James Michener, in his book The Source, tells the story of a man named Urbaal, who was a farmer living about 2200 B.C. He worships two gods: one, a god of death; the other, a goddess of fertility. One day, the temple priests tell Urbaal to bring his young son to the temple for sacrifice – if he wants good crops. Urbaal obeys, and on the appointed day drags his wife and boy to the scene of the boy’s "religious execution" by fire to the god of death.
After the sacrifice of Urbaal’s boy along with several others, the priests announce one of the fathers will spend next week in the temple, with a new temple prostitute. Urbaal’s wife is stunned as she notices a desire written more intensely across his face than she had ever seen, and she is overwhelmed to see him eagerly lunge forward when his name is called. The ceremony over, she walks out of the temple with her head swimming, concluding that, "If he had different gods, he would have been a different man."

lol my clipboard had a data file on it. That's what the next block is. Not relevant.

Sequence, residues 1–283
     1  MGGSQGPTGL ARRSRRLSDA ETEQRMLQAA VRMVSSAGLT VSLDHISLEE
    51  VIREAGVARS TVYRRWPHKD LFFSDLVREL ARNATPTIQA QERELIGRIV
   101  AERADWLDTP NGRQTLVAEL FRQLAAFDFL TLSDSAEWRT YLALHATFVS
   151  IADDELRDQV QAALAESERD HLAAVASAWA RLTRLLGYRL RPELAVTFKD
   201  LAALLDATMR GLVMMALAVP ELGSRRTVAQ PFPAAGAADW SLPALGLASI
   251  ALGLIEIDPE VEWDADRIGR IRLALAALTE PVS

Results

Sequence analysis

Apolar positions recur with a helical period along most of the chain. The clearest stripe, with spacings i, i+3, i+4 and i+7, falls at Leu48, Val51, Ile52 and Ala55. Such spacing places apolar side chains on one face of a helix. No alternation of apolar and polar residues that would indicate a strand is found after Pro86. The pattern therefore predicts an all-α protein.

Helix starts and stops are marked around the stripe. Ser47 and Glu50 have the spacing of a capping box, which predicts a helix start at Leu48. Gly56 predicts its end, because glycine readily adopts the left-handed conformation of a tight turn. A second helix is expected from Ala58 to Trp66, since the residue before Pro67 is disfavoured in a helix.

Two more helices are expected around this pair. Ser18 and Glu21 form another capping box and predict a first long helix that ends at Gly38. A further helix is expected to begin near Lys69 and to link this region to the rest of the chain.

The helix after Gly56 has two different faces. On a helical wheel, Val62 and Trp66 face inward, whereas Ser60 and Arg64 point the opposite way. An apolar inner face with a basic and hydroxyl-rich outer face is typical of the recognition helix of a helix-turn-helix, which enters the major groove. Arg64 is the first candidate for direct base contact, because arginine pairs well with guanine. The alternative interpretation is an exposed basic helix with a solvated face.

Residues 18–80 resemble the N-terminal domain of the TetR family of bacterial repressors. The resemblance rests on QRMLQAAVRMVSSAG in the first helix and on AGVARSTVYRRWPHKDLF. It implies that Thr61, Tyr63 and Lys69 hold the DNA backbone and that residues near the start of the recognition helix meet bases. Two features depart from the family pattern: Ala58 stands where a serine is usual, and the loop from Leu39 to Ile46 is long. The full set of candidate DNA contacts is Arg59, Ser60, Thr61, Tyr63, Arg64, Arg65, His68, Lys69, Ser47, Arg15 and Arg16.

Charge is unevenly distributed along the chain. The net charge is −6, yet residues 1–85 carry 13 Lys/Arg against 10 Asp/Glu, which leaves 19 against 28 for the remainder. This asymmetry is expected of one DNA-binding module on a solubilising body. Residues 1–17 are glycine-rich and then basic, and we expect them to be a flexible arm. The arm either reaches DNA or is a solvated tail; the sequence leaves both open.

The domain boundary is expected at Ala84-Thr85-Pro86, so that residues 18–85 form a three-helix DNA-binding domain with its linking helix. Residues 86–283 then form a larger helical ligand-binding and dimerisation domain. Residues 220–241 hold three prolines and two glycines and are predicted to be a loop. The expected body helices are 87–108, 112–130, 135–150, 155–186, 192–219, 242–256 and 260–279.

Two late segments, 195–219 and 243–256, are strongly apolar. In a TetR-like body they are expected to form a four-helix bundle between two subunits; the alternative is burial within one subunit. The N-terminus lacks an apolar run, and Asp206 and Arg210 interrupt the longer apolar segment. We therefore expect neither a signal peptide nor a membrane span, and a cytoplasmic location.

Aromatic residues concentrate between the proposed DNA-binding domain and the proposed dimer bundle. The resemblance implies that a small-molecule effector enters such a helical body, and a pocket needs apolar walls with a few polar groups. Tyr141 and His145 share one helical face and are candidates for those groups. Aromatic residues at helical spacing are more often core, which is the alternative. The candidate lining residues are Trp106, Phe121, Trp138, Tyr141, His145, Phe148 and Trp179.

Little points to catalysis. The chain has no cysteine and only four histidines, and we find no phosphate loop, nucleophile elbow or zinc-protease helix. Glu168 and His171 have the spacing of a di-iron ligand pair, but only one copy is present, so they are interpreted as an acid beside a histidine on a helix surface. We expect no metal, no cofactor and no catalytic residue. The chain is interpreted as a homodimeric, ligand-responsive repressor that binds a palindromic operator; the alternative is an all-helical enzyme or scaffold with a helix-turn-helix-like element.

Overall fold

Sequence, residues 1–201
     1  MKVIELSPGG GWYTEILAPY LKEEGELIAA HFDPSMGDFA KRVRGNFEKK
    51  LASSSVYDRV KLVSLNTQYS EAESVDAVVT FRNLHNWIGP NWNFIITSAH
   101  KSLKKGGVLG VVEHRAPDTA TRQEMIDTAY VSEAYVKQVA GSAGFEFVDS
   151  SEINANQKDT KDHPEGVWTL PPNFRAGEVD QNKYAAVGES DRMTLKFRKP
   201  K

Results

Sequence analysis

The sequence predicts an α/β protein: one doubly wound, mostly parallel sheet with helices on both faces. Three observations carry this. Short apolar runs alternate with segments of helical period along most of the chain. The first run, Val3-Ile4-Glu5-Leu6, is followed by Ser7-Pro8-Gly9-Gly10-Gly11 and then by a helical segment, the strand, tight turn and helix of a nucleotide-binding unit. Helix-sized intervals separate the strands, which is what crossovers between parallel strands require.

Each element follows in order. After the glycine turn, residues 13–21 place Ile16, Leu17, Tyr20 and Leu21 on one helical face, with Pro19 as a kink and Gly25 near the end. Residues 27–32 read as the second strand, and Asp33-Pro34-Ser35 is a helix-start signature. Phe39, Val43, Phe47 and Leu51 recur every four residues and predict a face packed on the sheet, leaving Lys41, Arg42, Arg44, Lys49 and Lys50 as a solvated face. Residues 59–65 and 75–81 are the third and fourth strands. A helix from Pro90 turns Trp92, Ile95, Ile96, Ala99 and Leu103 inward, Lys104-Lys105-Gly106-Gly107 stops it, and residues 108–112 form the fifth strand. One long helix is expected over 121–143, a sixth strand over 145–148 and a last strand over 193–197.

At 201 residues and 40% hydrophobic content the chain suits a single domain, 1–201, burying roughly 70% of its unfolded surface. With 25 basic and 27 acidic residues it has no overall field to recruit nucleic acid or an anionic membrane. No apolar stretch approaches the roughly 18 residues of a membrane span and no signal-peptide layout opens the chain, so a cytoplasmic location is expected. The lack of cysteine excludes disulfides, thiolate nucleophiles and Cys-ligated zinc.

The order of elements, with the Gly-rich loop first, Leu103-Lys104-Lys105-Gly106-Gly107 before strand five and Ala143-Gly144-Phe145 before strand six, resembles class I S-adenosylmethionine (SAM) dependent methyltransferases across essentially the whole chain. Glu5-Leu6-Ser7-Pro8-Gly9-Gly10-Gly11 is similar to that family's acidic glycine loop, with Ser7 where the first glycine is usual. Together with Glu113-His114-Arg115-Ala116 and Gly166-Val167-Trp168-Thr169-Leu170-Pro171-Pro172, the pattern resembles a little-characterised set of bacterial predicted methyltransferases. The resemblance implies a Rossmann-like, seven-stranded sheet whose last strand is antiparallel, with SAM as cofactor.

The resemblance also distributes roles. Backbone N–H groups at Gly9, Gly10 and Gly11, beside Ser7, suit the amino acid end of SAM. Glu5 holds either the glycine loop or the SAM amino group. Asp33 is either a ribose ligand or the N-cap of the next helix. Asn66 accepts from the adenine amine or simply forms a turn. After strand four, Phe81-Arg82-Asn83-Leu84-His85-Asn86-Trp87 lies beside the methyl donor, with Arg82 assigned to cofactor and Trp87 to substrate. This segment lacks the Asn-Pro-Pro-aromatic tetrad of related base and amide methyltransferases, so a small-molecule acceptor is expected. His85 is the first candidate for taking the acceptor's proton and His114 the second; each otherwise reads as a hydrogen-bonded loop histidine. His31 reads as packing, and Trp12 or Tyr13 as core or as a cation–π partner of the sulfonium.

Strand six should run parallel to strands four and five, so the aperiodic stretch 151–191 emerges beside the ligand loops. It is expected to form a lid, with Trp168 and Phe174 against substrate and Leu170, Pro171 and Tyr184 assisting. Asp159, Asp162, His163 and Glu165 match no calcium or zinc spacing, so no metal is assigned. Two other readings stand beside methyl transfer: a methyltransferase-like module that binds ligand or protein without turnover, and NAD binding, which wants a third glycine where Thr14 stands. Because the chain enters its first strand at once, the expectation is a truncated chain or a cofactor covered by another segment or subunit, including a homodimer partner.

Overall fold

What you believe determines where you go, what you do, how you spend your time. What you believe determines how you respond to hard times, temptation, and pressures around you. What you believe determines where you will spend eternity, and how quickly you get there. Really, what you believe determines who you are. (Pat Cook, SermonCentral newsletter, via PreachingNOW newsletter 5/13/08 issue)